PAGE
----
shark preys on albatross10. Only 7400 people live on Molokai, a former leper colony, and even fewer on Lanai, the smallest inhabited island open to visitors. Niihau is privately owned, and Kahoolawe, just 11 miles long, and once a military testing ground, is now an uninhabited reserve.

11. One in 10 baby albatross (right) fall prey to tiger sharks that leap out of the water to catch them.

12. The world-renowned Hawaiian macadamia nut is not native to Hawaii. Originally imported from Australia as ornamental vegetation in the 1880s, it wasn’t until the 1920s that it became a harvest crop.

13. Kona coffee is grown on the leeward side of the Big Island on the volcanic slopes of Mauna Loa and Hualalai. Any coffee cultivated outside the Kona District cannot carry the Kona name.

baby turtle

Photo: Nat Geo Wild

14. Hawksbill sea turtles lay up to 200 eggs at a time that hatch after two months, but only a fraction live to maturity. The ones that do can live 30-50 years in the wild.

whale tale

Photo: Melissa Vincent

15. Of the about 10,000 humpback whales that migrate to the north Pacific from January to April, about two thirds are found in Hawaii, with the greatest numbers in Maui, and Kona on the Big Island a close second.

16. A population of albatross on Oahu mate for life, and an estimated 20 percent of the pairs are homosexual, aside from brief encounters necessary for impregnation.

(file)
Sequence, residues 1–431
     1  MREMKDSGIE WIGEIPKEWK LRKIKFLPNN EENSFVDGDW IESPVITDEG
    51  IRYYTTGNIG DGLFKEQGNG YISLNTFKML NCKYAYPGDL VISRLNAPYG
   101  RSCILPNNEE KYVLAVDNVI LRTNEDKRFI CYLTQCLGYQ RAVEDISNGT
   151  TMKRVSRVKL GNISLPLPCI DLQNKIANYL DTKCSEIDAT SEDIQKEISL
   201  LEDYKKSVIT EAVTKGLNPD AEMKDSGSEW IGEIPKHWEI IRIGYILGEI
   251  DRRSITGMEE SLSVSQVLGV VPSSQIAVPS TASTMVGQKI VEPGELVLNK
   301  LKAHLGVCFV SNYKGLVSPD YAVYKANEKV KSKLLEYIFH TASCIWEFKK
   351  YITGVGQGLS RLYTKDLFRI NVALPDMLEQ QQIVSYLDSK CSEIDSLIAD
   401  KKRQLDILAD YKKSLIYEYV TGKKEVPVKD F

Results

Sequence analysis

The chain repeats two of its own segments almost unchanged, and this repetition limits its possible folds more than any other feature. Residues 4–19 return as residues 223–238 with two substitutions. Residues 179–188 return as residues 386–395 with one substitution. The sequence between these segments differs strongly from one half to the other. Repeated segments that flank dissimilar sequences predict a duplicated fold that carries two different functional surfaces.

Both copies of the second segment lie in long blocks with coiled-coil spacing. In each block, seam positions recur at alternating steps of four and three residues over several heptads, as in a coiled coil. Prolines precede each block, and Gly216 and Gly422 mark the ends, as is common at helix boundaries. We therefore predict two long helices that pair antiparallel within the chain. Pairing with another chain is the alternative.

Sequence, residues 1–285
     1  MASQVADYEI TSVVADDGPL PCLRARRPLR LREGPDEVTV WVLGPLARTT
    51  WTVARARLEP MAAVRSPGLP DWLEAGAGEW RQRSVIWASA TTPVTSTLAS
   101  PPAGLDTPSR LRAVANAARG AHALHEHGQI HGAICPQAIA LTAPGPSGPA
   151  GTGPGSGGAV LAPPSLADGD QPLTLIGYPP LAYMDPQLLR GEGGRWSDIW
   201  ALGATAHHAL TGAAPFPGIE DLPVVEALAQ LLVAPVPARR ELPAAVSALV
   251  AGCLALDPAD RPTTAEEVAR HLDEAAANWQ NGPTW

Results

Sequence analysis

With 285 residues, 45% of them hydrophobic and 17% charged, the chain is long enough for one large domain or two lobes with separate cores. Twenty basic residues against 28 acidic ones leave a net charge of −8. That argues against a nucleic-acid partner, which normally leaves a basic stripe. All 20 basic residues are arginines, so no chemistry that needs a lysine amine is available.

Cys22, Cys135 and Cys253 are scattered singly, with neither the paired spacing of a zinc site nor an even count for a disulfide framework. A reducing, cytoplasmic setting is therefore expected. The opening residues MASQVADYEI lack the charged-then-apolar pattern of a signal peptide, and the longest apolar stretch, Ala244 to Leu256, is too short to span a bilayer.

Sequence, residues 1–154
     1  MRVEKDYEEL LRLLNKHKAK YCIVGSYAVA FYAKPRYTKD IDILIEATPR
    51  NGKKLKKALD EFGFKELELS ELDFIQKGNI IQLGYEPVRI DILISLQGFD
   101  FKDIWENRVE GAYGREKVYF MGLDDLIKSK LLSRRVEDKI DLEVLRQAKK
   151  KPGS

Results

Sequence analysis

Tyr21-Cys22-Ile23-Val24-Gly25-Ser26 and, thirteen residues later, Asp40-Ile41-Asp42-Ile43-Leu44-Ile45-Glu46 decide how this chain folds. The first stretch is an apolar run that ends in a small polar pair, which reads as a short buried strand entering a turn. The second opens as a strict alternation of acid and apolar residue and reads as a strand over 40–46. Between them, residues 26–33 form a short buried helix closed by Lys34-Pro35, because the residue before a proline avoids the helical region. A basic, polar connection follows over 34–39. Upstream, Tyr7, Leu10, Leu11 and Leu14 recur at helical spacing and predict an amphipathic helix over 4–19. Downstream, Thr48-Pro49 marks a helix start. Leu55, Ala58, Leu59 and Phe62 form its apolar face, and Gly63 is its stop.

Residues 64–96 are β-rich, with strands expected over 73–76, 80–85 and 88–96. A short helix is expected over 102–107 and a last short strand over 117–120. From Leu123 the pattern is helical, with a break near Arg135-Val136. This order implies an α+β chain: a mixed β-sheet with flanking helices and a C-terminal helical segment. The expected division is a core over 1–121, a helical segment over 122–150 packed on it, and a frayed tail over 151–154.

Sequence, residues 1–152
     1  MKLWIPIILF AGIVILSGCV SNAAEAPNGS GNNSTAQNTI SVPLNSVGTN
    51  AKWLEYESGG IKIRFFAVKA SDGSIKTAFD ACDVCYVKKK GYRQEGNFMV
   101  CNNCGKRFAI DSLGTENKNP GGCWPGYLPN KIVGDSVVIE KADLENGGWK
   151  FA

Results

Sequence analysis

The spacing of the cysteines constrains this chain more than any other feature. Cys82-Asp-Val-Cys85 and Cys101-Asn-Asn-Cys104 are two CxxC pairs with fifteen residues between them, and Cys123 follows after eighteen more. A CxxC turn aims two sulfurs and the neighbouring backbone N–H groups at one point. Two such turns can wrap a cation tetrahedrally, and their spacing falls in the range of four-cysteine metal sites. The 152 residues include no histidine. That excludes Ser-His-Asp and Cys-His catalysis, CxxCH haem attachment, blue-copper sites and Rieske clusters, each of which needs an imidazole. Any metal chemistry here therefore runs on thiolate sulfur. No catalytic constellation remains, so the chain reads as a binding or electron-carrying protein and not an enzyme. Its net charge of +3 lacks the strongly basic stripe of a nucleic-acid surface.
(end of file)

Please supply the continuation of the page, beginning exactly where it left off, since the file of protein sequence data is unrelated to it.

manta rays

Photo: Keller Laros

17. Manta rays eat 10-12 percent of their body weight every week in plankton. Filter feeders, they don’t have teeth, and they have no swim bladder — so if they stop moving, they sink.

Aerial view of Hilo, Hawaii

Photo: Gerri Miler

18. With 275 days per year with some rain, Hilo on the Big Island is the third wettest spot in the United States (behind Ketchikan and Yakutai, Alaska). A quarter of the island’s 180,000 people live in the city.

19. In contrast, the Big Island’s second largest city, Kona, is on the western side and gets only 10 inches of rain per year. Not surprisingly, most of the island’s resorts are located there or on the nearby Kohala Coast.